Buttle's World

27 August, 2008

Obama Gets Ringing Endorsement

Filed under: Posts — clgood @ 20:40

Well, of a sort.

During the April 16 debate between Hillary Clinton and Barack Obama, moderator George Stephanopoulos brought up “a gentleman named William Ayers,” who “was part of the Weather Underground in the 1970s. They bombed the Pentagon, the Capitol, and other buildings. He’s never apologized for that.” Stephanopoulos then asked Obama to explain his relationship with Ayers. Obama’s answer: “The notion that somehow as a consequence of me knowing somebody who engaged in detestable acts 40 years ago, when I was eight years old, somehow reflects on me and my values, doesn’t make much sense, George.” Obama was indeed only eight in early 1970. I was only nine then, the year Ayers’s Weathermen tried to murder me.

As for the “I was only eight” line, how preposterous. Obama was an adult when he made friends with and had his political career launched in the home of an unrepentant terrorist.



Filed under: Posts — clgood @ 13:19

Either McCain completely re-tooled his campaign after the primaries, or his crew started taking clue pills. The ads they’re producing now are really, really good.

This gives me hope that I won’t have to hold my nose pinched as hard as I feared when I vote for him.

Stunning Advance in Cellular Biology

Filed under: Posts — clgood @ 13:15

This is big.

Through a series of painstaking experiments involving mice, the Harvard biologists pinpointed three crucial molecular switches that, when flipped, completely convert a common cell in the pancreas into the more precious insulin-producing ones that diabetics need to survive.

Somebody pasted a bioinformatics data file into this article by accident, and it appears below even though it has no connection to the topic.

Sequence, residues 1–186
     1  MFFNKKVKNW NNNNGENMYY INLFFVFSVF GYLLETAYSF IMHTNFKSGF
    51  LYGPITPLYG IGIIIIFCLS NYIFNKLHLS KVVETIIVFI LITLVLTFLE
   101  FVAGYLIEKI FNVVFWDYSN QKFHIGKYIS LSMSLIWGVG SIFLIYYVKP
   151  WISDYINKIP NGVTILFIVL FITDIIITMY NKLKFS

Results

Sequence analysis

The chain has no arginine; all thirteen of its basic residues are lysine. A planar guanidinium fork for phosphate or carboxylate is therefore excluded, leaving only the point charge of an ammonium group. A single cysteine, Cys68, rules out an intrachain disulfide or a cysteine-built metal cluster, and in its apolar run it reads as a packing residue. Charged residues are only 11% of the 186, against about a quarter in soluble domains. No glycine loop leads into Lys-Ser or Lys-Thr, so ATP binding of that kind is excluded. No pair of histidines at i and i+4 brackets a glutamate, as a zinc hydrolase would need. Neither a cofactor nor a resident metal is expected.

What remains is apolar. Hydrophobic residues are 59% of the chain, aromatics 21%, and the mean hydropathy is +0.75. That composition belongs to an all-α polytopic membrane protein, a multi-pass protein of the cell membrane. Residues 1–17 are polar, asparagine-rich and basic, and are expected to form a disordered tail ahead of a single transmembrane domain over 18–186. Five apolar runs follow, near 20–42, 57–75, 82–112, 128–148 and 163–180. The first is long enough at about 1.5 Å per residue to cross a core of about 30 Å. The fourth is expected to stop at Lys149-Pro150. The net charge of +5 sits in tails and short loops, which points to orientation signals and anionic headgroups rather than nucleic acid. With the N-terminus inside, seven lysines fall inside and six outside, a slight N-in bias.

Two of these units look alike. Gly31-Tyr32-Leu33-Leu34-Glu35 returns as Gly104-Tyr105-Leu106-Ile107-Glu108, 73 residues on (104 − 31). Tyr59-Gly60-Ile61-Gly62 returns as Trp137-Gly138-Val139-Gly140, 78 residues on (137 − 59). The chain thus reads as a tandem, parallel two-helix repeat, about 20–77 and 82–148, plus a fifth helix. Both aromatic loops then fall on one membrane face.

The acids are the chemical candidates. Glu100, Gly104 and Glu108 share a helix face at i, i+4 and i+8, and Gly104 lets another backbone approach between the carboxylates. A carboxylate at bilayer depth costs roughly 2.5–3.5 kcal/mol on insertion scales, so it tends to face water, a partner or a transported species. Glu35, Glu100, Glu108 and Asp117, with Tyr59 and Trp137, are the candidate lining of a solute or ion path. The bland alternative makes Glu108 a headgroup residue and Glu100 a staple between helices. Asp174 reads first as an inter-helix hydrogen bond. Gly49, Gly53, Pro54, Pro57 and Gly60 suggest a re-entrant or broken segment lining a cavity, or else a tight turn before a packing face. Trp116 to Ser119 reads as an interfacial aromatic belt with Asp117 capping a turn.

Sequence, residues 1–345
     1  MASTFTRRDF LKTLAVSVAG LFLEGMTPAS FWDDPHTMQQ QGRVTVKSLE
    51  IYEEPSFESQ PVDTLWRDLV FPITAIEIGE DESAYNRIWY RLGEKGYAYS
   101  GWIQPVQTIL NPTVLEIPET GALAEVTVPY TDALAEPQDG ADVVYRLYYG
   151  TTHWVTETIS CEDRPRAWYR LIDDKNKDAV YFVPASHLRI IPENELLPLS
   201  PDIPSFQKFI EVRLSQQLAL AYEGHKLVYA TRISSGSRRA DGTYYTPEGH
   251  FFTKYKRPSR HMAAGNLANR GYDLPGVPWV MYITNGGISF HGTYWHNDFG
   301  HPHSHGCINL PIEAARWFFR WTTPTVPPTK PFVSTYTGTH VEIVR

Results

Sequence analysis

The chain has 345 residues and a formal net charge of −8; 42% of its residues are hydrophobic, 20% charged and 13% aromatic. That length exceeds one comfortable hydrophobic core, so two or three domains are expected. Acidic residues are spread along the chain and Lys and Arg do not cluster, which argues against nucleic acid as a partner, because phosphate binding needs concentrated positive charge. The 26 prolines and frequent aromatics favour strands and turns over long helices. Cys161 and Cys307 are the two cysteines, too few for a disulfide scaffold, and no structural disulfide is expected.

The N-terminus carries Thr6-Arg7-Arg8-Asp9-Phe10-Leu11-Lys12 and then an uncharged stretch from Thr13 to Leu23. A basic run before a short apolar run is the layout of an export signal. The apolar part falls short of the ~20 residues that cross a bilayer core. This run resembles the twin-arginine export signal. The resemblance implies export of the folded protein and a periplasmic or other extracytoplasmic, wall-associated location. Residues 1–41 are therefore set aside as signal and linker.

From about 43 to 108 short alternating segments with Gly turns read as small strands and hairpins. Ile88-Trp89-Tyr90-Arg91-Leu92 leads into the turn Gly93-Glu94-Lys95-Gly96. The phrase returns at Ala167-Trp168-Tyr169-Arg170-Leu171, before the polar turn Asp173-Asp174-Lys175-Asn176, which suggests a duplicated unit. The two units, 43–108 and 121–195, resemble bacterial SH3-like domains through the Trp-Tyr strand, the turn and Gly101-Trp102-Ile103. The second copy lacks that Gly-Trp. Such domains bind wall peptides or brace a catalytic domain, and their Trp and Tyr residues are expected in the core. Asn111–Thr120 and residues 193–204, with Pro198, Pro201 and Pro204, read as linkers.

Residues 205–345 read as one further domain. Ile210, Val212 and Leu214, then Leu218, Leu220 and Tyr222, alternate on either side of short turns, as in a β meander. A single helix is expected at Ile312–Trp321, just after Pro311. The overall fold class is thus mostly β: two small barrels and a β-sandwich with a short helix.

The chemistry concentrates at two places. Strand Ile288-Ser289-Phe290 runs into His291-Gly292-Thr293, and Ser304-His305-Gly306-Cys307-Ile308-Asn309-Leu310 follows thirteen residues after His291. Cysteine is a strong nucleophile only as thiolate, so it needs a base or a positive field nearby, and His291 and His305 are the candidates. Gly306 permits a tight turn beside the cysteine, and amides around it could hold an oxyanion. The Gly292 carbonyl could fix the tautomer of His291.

“One day, this may allow the doctor to replace the scalpel with a sort of genetic surgery,” Lanza said. “If this can be perfected, it would represent one of the Holy Grails of medicine.”

Yuval Levin says

Now mice aren’t men, and the application of this method to human diabetics and patients with other diseases is by no means on the immediate horizon; it may of course never materialize, as diabetic mice have been cured before. You can never be sure, and especially not after just one experiment. But whatever the eventual clinical applications, the implications of the work for cell biology are extraordinary—that sound you hear is PhD-level textbooks being thrown in the garbage all over the world.

What an age we live in. Look at some other (speculative, breezily-presented) things that just might be coming along.


Filed under: Posts — clgood @ 8:28

Stuttaford has it.

Create a free website or blog at WordPress.com.